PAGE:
Hirudo medicinalis


Mark E. Siddall & E. M. Burreson *

        ,____________________Acanthobdella peledina
        |      ,_________Branchiobdellida
        |      |
               |    ,_______________Glossiphoniidae 'RYNCHOBDELLIDA'  (proboscis-bearing)
               |    |
                    |        ,_____________Piscicolidae 'RYNCHOBDELLIDA'  (proboscis-bearing)
                             `_______________ARHYNCHOBDELLIDA (jawed)

Based on: results of combined 18S rDNA, CO-I and morphology by Apakupakul et al. 1998

Table of Contents

Discussion of Phylogenetic Relationships
Characteristics of the Group
Sources of Information on the Internet


Leeches are oligochaetes which have adopted a carnivorous mode of nutrition in place of the detritus-feeding habits of their ancestors. They possess the general characteristics of clitellates in that they are hermaphroditic, have a cocoon-secreting clitellum, and exhibit somatic metamerism, though there are varying degrees of coelomic reduction. Synapomorphies delimiting the Euhirudinea are, in part, apparently related to feeding behaviour, such as the presence of an oral and a caudal sucker used both in locomotion and in feeding (either by grasping prey by the macrophagous leeches or for attachment to a host by the ectoparasitic species).

Although leeches are more commonly thought of in relation to the sanguivorous habits of some taxa, particularly those that form intimate relationships with humans in freshwater environments, euhirudinid taxa exploit a wide range of adaptive zones. In freshwater systems, macrophagous leeches that prey on invertebrates are more common, both in terms of number of species and absolute abundance, than are species that blood-feed (Sawyer, 1986). In marine systems, the reverse is true, in that most are ectoparasitic on elasmobranchs and perciformes.

Etymology: The word "leech" came into use early in the history of the English language and for most of its history has had two distinct meanings: the blood-sucking worm often used for medical purposes, and a physician. Use of the leech for medicinal purposes did, of course antedate its mention in Old English (the Anglo-Saxon) language: its first occurrence in such a context seems to be that found in a medical poem by Nicander of Colophon who died ca. 132 B.C. The close association of the leech and a physician was therefore early established and lasted well into the eighteenth century. It seems natural that the "leech" became a synonym for doctor early in the history of the word. Despite this synonomization, "leech" for worm and "leech" for physician are two different words, with two separate entries in etymological dictionaries. Briefly, the Old English "læce", meaning the worm, came into use sometime before 900 A.D., and was a cognate with Middle Dutch "lieke", leech. The other Old English word "læce", meaning physician, came from Germanic languages, including Old Frisian "letza", meaning physician, Old Saxon "laki", and Old High German "lakki". The joining or relating of the two different meanings seems to be an artificial development.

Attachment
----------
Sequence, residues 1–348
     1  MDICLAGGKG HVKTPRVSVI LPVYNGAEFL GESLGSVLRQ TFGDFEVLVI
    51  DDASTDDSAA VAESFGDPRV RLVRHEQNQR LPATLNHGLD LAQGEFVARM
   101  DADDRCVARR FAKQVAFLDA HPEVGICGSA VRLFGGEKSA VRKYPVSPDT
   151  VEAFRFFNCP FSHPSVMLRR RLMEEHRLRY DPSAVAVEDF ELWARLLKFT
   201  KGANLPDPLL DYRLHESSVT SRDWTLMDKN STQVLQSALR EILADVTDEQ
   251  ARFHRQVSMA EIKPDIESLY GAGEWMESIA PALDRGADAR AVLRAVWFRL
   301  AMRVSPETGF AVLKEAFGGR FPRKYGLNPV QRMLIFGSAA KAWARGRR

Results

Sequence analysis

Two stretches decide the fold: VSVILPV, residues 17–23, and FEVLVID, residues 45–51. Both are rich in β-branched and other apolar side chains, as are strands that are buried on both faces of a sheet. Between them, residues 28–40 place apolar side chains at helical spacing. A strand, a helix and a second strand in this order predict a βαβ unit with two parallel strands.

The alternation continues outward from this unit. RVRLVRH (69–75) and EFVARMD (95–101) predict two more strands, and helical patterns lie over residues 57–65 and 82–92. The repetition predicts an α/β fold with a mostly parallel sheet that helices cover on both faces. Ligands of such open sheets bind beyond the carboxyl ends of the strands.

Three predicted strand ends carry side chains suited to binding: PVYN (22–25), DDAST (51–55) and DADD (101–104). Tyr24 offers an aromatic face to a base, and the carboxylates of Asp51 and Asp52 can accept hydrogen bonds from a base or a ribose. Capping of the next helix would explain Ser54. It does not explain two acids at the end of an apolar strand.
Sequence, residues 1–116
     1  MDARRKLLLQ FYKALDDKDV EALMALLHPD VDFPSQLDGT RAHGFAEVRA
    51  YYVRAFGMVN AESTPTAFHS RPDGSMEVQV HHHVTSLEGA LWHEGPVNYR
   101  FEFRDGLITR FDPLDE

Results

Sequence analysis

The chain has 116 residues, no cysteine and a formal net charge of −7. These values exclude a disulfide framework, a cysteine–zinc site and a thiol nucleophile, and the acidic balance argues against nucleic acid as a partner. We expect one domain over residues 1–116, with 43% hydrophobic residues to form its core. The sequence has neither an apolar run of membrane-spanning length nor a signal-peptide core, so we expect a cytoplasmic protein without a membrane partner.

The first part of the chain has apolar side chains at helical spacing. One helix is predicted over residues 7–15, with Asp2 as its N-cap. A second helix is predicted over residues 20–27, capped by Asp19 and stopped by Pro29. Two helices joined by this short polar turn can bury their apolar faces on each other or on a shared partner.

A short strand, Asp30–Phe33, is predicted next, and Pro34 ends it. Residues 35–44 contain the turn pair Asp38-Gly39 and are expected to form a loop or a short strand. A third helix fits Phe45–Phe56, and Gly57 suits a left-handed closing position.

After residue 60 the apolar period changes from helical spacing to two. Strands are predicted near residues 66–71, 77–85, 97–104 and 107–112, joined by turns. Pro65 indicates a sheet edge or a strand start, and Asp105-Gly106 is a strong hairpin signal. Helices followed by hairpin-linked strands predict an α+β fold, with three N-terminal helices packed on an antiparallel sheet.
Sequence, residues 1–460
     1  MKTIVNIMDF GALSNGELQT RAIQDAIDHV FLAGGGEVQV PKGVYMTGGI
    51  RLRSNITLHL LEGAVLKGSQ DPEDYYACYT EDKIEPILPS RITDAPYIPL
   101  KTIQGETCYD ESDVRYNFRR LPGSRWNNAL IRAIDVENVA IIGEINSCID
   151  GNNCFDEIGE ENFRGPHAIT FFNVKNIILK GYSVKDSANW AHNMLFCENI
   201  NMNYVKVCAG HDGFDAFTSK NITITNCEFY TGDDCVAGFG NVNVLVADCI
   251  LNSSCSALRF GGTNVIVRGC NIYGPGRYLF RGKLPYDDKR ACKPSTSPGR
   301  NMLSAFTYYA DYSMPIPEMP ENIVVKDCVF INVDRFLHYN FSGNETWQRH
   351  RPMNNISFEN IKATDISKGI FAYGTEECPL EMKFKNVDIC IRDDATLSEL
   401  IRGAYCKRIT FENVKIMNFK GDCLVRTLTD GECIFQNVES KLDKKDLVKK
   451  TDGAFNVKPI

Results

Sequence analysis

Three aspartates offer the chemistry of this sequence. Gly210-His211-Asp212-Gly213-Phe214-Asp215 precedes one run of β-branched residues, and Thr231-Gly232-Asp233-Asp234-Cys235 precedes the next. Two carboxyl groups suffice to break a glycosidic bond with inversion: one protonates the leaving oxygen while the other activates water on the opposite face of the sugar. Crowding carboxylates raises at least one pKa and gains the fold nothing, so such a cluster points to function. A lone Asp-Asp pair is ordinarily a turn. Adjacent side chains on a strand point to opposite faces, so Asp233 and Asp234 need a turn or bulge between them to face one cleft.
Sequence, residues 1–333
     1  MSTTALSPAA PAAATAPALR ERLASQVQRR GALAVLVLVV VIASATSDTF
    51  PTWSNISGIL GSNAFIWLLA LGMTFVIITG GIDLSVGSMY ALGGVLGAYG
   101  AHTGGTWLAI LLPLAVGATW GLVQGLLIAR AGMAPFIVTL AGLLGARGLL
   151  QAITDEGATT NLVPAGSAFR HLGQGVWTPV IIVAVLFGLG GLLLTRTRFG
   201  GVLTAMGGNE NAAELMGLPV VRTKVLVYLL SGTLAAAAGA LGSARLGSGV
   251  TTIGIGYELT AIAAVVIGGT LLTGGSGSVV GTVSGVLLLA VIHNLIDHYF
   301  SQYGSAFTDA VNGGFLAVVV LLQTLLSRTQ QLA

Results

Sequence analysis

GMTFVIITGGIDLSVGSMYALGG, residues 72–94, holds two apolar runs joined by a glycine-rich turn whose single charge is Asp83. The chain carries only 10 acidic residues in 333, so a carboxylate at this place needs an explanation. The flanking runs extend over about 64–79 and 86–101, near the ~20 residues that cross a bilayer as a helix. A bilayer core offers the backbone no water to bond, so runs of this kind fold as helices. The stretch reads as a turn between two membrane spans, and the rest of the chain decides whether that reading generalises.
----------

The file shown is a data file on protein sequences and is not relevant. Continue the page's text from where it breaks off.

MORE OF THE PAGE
Discussion of Phylogenetic Relationships

Acanthobdella pelidina as sister-group. The notion that Acanthobdella pelidina is the sister taxon to the euhirudinids is well established. Livanow (1906) was the first to suggest this phylogenetic affinity, considering Acanthobdella pelidina as an ancient hirudinean (Livanow 1906, 1931). The presence of chaetae on anterior somites which aid in attachment to their fish hosts, a compelling functional precursor to the oral sucker of leeches, has been thought of as indicative of group-membership with the oligochaetes (Michaelson 1919). In constrast, the constant number of somites, caudal sucker, partial reduction of the coelom, and fusion of female gonopores has led most to include Acanthobdella pelidina in the Hirudinea (Selensky 1907, Wendrowsky 1928, Livanow 1931, Scriban and Autrum 1934, Autrum 1939, Mann 1962, Sawyer 1986). Debate has also surrounded the relationship of the Branchiobdellida including arguments for membership in the Hirudinida (Odier 1823, Sawyer 1986), in the Oligochaeta (Vejdowsky 1884, Michaelson 1919), or a separate status equivalent to the Euhirudinea and Oligochaeta (Holt 1953, Ferraguti and Gelder 1991, Brinkhurst and Gelder 1989).

Characteristics of the Euhirudinea

Synapomorphies for leeches are:

In so far as leeches are clitellates they are also characterized by:

Sources of Information on the Internet


About This Page

Mark E. Siddall & Gene M. Burreson
Email: mes@vims.edu or gene@vims.edu
Virginia Institute of Marine Science
School of Marine Science
College of William and Mary
Gloucester Point, Virginia 23062, USA

Page copyright © 1995 Mark E. Siddall
Last modified 30 April, 1996